11 pushed me into a car. I don't know what make of a car,
12 but I know that there were five or six of them, and
13 they took me to the Grand Cafe, and while we were
14 driving, they made threats to me.
15 Then, when we came to the Grand Cafe, this
16 Suse brought me out of the car and pushed me into the
17 Grand Cafe. He hit me and said, "Get in, you pig."
18 And he hit me here [indicates], and I still suffer from
19 the consequences of this hit above the eye.
20 I know that there were a number of the
21 Croatian government there. Marinko Marelja, Civcija,
22 Anto Zlatic, who was there without portfolio, as it
23 were. So there were a number of people from the HVO
24 government, and I think I mentioned four.
25 Q. Is it true that while you were at the Grand
1 Cafe, one of the soldiers put his pistol into your
2 mouth and joked around with you?
3 A. Yes. When they brought me to the Grand Cafe,
4 I did not know what was going on. I know that one of
5 the soldiers who had a camouflage uniform -- he was
6 called Drazan; he was from Duvno or Tomislavgrad -- he
7 put a pistol to me and cursed me, and he said, "Where
8 are all the TO units? Where is Refik Lendo, the
9 commander?" I know that Civcija and Marelja said that
10 I had insisted on the legality of the BH government,
11 and they cynically said, "Why doesn't President
12 Izetbegovic help you now, and the presidents of the
14 I stayed there for a while, in these
15 circumstances, and then Marinko Marelja took me to a
16 room which was on the premises of this cafe. It was a
17 storage room. I spent the night there, until 9.00 next
19 Q. Were you locked up in that room?
20 A. No. I could not leave that room. I was
21 locked in it.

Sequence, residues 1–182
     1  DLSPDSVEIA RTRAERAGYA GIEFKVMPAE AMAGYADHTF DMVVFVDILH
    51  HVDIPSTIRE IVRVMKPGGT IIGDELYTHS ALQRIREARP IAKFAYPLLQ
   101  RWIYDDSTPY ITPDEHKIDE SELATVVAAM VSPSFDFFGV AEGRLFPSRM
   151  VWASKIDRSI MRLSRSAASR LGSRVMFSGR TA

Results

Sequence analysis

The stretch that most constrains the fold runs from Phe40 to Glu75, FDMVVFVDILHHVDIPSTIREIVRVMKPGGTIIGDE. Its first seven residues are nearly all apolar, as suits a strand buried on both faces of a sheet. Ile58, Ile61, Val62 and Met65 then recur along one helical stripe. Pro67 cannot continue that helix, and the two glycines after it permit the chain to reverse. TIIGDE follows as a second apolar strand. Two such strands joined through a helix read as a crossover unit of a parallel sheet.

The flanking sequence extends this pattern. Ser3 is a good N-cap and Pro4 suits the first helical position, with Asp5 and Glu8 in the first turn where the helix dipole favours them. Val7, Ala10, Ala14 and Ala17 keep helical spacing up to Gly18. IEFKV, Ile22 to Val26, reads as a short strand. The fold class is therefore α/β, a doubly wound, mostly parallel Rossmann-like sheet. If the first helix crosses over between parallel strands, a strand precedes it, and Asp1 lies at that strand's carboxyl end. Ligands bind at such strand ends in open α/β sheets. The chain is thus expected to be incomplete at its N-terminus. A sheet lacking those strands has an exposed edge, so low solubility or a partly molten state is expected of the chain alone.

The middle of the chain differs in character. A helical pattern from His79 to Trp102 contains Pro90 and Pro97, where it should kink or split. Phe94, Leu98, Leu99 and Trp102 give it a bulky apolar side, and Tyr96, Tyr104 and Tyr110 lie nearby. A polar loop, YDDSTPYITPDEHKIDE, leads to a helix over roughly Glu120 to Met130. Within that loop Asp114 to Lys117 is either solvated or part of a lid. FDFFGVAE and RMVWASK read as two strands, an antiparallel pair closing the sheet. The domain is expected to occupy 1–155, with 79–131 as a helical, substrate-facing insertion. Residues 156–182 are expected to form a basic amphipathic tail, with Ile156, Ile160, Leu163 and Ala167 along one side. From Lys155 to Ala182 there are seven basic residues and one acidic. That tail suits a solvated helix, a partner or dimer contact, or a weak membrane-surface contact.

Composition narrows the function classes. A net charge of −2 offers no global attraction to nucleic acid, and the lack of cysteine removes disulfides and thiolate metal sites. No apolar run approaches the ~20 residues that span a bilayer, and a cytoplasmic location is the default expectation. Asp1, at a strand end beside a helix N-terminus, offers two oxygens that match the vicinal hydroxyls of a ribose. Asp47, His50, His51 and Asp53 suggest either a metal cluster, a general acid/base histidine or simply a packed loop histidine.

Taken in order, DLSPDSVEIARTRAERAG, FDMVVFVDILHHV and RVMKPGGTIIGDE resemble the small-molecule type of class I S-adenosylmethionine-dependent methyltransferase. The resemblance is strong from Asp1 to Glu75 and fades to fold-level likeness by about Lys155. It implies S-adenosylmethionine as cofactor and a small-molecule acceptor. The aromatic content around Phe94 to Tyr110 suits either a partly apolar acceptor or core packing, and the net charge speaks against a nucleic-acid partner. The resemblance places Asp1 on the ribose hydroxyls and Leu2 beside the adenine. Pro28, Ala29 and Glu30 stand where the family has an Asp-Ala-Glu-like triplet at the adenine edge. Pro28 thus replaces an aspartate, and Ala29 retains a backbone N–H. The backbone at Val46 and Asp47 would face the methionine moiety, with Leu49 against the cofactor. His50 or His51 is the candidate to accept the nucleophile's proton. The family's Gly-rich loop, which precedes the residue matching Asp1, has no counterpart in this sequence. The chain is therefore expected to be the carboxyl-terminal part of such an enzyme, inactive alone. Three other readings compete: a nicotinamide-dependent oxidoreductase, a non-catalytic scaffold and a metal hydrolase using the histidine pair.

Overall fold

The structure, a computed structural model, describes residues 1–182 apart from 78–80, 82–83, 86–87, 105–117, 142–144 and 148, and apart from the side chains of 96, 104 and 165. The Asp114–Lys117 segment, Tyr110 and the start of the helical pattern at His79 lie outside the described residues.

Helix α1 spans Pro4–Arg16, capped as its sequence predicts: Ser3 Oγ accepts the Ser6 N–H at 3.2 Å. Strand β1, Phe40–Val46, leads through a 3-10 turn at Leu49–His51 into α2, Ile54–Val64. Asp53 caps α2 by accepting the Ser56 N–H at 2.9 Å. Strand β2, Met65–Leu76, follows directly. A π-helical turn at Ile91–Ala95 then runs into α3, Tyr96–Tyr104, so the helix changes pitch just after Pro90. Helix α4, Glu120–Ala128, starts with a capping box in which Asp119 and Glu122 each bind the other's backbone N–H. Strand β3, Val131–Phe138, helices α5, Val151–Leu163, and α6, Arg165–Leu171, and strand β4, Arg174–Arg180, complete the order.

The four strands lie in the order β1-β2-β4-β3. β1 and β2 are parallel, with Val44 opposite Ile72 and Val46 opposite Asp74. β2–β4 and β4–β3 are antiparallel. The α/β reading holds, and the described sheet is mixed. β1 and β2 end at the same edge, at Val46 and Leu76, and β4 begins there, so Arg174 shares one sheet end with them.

22 Q. Is it true that during that same night of the
23 19th of June, 1992, another representative of the
24 Muslim delegation in Novi Travnik, Mr. Ragib Zukic, was
25 also assaulted by members of the HVO?
1 A. Yes, that is correct. I thought that this
2 person actually had expired that night from the force
3 of the blows that he received. He spent the night on
4 the floor, but I saw him several days later. He was
5 all black and blue. When he was on the floor, he was
6 gurgling, and I thought that this was the -- the
7 gurgling that comes at the time when somebody is
9 Q. On the day we're speaking about, that is, the
10 19th of June, the individual whose name was Ivo
11 Skocibusic, the head of the HOS, was wearing a black
12 uniform and the others were wearing camouflage
13 uniforms; is that correct?
14 A. Yes, that is true. I know that Skocibusic
15 was wearing a black uniform all the time.
16 Q. Were you released the next morning,
17 Witness P, and then taken to the Kasapovici sector,
18 that is, the regional HVO commander, Mr. Filip
19 Filipovic, who was the one who took you there; is that
20 correct, to Kasapovici?
21 A. Yes, a man by the name of Filip Filipovic
22 took me there, and I don't know what post he held at
23 the time. He first took me to my parents', and then he
24 took me to the village of Kasapovici.
25 JUDGE MAY: Mr. Lopez-Terres, if you're
1 moving on now to a different topic, that might be a
2 convenient time.
3 MR. LOPEZ-TERRES: [Interpretation] Yes, Your
5 JUDGE MAY: We'll adjourn now for a quarter
6 of an hour.
7 --- Recess taken at 3.55
8 --- On resuming at 4.15 p.m.
9 MR. LOPEZ-TERRES: [Interpretation]
10 Q. Witness P, I would like us to go back to the
11 conflict of June 1992. Is it true that during that
12 conflict, about ten soldiers from Busovaca were
13 captured by the TO defence forces near the firemen's
14 station in Novi Travnik and you were able to see them?